Romanian scout cars in Afghanistan, 2002.

Note the pattern of change, then. The heavy chariot gives way to the lighter chariot, like the heavy tank is giving way to lighter vehicles, which seem perfect for the mounted and mobile warfare currently engaged by the Western armies in Iraq and Afghanistan. Even those supreme practitioners of tank warfare, the Russians, are shredding their expensive to maintain behemoths at a rapid rate. China has many deployed but these are vastly less capable than the Western landships like Challenger or Abrams, and also inhibited by geography from the West.

Modern tracked infantry fighting vehicles like the German Puma, the Swedish CV90, or the General Dynamics ASCOD are as large as World War 2 tanks, and often better armed. With reactive armor or appliqué steel plates, many can resist modern anti-tank weapons as good as main battle tanks. Specialized wheeled vehicles have also become very popular, the modern versions of the dragoons, with loaded infantry ready for dismount.

As long as the gasoline engine, or its newer hybrid alternatives are with us, then there will be a need for this motorized version of the horse. That history is currently repeating itself, the transference from the heavy armored cavalry force to the light, should come as no surprise.

11 Comments leave one →
  1. elgatoso permalink
    March 30, 2010 4:09 pm

    is change ,not chage. my n is not working

  2. elgatoso permalink
    March 30, 2010 4:08 pm

    mike chage solider for soldier in ———-The blitzkrieg tactics utilized by the charioteers came to an end with the rise of the armored foot solider, and the increased use of archery. ————- and delete my post

  3. March 30, 2010 12:40 pm

    “Salut Mihai, frumoasa poza cu TAB-urile romanesti!” (romanian language, meaning – Hello Mike, nice picture with romanian TABs). Did you saw pictures with romanian riverine armored ships?

    I hope Romania will not buy anymore ill Piranha, and we develop our Saur II AFV for our modern cavalry units.

  4. March 30, 2010 12:39 pm

    boy that didn’t come out right. what i should have said is that i disagree but i luv the work you put in.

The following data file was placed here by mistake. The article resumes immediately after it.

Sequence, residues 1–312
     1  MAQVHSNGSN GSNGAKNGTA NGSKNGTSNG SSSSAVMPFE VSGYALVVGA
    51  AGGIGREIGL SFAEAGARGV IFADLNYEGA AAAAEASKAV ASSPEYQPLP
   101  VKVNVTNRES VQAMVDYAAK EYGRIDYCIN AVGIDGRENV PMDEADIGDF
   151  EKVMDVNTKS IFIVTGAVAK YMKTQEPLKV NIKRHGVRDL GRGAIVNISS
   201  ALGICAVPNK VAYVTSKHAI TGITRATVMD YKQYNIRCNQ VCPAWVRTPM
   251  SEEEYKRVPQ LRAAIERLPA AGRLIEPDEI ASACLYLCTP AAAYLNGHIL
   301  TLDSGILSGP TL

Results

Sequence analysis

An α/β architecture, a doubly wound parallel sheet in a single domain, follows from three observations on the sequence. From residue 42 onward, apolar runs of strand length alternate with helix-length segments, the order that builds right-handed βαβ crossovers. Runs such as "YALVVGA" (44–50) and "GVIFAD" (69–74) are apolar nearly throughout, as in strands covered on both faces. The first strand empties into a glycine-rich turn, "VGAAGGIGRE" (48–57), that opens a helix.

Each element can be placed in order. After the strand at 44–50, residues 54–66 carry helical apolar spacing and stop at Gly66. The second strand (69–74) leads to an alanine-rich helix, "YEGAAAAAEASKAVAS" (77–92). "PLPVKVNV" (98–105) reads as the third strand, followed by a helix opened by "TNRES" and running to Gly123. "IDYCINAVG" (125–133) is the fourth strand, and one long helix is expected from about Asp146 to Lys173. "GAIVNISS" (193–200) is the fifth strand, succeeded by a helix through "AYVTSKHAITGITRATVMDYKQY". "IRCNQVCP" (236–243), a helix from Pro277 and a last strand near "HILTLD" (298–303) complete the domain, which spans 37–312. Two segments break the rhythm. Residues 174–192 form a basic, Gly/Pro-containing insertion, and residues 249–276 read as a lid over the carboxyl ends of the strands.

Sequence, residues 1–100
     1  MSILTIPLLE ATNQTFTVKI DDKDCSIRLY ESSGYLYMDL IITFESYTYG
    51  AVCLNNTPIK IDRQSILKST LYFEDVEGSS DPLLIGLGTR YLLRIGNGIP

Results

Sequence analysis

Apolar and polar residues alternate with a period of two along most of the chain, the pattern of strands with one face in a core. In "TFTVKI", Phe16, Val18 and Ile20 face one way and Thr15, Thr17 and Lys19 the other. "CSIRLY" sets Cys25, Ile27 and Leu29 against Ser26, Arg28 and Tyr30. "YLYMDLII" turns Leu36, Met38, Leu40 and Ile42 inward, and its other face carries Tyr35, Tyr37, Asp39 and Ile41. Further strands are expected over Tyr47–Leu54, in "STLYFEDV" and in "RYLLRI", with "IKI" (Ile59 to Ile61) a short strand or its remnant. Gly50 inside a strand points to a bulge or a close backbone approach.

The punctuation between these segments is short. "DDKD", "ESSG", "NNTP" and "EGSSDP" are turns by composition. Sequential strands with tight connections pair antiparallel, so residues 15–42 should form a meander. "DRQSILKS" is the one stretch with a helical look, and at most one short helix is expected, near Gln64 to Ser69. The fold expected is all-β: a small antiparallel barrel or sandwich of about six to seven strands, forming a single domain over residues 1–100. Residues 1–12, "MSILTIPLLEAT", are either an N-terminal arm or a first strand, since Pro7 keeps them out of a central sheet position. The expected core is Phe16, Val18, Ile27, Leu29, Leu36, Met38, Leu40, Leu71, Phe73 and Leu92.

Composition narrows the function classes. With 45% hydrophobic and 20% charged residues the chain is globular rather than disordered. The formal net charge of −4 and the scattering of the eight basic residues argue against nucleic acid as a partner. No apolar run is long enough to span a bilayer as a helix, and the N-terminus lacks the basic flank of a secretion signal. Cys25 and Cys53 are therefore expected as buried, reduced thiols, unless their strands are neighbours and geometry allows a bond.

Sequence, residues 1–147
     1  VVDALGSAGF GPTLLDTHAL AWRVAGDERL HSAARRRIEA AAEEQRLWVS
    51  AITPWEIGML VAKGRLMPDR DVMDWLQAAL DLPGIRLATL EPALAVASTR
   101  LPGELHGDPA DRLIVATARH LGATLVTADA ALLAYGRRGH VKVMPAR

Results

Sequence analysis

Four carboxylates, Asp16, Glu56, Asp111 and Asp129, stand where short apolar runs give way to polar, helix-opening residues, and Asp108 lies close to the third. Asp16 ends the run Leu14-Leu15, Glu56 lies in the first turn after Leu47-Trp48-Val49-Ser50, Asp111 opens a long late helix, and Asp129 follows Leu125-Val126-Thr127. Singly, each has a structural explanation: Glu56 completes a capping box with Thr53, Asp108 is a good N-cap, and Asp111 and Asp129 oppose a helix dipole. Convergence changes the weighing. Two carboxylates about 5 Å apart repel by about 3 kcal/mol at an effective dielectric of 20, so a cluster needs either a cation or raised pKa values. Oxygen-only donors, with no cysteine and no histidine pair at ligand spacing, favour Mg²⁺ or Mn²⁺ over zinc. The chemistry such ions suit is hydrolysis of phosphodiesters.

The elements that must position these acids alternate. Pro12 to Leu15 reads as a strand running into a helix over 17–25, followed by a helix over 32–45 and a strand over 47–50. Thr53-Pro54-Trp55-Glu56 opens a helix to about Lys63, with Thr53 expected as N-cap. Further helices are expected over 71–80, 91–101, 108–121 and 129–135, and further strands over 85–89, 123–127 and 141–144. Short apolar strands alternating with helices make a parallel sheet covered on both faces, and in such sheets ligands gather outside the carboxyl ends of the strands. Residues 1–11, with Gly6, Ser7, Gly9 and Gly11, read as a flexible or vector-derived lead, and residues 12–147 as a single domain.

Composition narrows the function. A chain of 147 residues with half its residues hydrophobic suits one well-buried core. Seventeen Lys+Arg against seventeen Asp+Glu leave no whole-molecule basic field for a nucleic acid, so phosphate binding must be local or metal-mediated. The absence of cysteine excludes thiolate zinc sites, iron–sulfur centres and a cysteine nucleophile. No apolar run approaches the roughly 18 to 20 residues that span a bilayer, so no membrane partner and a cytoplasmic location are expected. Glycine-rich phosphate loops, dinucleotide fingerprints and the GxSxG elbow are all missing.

outstanding.

  5. Heretic permalink
    March 30, 2010 11:42 am

    Thought I recognized that pic of an Australian.

    Australian Light Horseman

    The entry on the murderous land those horsemen came from is also not to be missed. ^_-

    For a somewhat less humorous recounting of the battle which made the 4th Light Horse Brigade famous, there’s always Wikipedia.

  6. B.Smitty permalink
    March 30, 2010 11:35 am

    Except, of course, for top-attack ATGMs, which can kill anything that doesn’t have an effective active protection system.

  7. B.Smitty permalink
    March 30, 2010 11:27 am

    Modern IFVs are still not able to resist modern ATGMs. Strykers and MRAPs can’t.

    MBTs can.

  8. Hudson permalink
    March 30, 2010 11:06 am

    Excellent summary of ancient-to-modern cavalry vs. infantry.

    In the article about the mysterious abandonment of some 200 tanks deep in a Russian forest, a week ago, a Russian military spokesman told of the need to trim Russia’s fleet of tanks from 20,000 to 10,000, presumably older models going to the scrapper. I have heard no word of abandoning the main battle tank entirely. Compared with other nations, Russia has produced relatively light MBTs, in the 40 – 50 ton range. Not surprisingly, they have fared rather poorly against heavier Western tanks in battle.

    The theoretical limit of a battle tank is app. 70 tons. Anything much heavier than that wrecks roads and bridges and finally itself by dint of gravity. The Germans introduced a 100 ton monster called “Maus” toward the end of WWII. It clanked along about 10km and broke down. Same is true of animal forms, in the ratio of surface area to volume. One hundred tons is about the limit there, which is why no one will dig up a 250 ton dinosaur’s bones.

    Thanks to powerful engines, those 70 ton MBTs, zip around the battle field almost as nimbly as vehicles half their weight, and the extra firepower and armour protection do make a difference. So the MBT isn’t quite finished yet.

  9. Mike Burleson permalink*
    March 30, 2010 10:26 am

    Not even the Russians can resist history for long.

  10. March 30, 2010 6:36 am

    An interesting post especially when the Russians just announced two days ago that they would deploy the T-95 this summer.